What was it like to live in the United States when it was just one hundred years old, and when the industrial revolution had just begun to change people's lives?
Suzanne Hilton has dug into old records, letters, newspapers, and magazine accounts, ads, and children's diaries to discover the details about everyday living--in the country and in the city, at school and at home, on a vacation and at work. She takes the reader on a magic carpet of facts into the year 1876.
Furnaces, gaslights, and indoor plumbing had arrived, but families still arranged their lives around sunup and sundown. Chores took most of a child's time; games and entertainments were scarce; and few books were publised just for children. People did most of their own doctoring, often with patent medicines that contained habit-forming narcotics.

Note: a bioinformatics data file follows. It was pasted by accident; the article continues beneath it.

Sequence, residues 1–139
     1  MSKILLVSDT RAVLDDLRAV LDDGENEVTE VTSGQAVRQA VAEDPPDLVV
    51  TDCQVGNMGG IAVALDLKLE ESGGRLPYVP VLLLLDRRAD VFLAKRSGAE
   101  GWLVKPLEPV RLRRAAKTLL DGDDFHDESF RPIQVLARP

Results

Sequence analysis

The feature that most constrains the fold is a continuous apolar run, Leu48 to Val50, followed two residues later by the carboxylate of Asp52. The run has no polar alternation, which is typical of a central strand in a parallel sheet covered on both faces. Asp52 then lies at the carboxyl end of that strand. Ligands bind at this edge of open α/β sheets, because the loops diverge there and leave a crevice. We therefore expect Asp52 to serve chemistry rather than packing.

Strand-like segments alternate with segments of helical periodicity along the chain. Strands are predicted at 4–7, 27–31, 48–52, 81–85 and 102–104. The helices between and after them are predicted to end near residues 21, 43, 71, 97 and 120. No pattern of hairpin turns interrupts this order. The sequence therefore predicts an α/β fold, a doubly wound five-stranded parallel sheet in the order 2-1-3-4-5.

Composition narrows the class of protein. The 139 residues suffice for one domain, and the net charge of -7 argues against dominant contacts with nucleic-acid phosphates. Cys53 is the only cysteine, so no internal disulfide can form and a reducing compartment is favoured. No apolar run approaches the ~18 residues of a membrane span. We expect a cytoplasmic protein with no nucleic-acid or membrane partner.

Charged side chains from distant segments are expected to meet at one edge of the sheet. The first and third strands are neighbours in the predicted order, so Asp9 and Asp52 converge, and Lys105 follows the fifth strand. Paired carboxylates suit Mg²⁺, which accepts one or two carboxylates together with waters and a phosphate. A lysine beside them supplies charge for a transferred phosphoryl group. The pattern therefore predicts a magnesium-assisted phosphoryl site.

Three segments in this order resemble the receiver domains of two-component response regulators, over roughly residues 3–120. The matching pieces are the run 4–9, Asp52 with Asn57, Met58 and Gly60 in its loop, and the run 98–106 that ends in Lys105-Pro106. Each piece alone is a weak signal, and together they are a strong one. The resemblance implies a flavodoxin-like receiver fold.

The year 1876 turned out to be a very special year because the country was excited about its Centennial. Thousands of people jammed into Philadelphia for the big exposition. They gawked at the parts of the Statue of Liberty that had just arrived from France; they tried the new drink-- the ice cream soda; they rubbed shoulders, for perhaps the first time, with all sorts of different people.
The Exposition introduced dozens of new marvels to the country: the telephone, electricity, playgrounds, linoleum, small pox vaccine, the cancan, and the monorail called the Prismoidal Railway-- that may yet turn out to be the transportation of the future.
Every reader -- from eight to eighty -- will be fascinated to see and feel the way life was, just a hundred years ago, in the pages and the pictures of this engrossing book.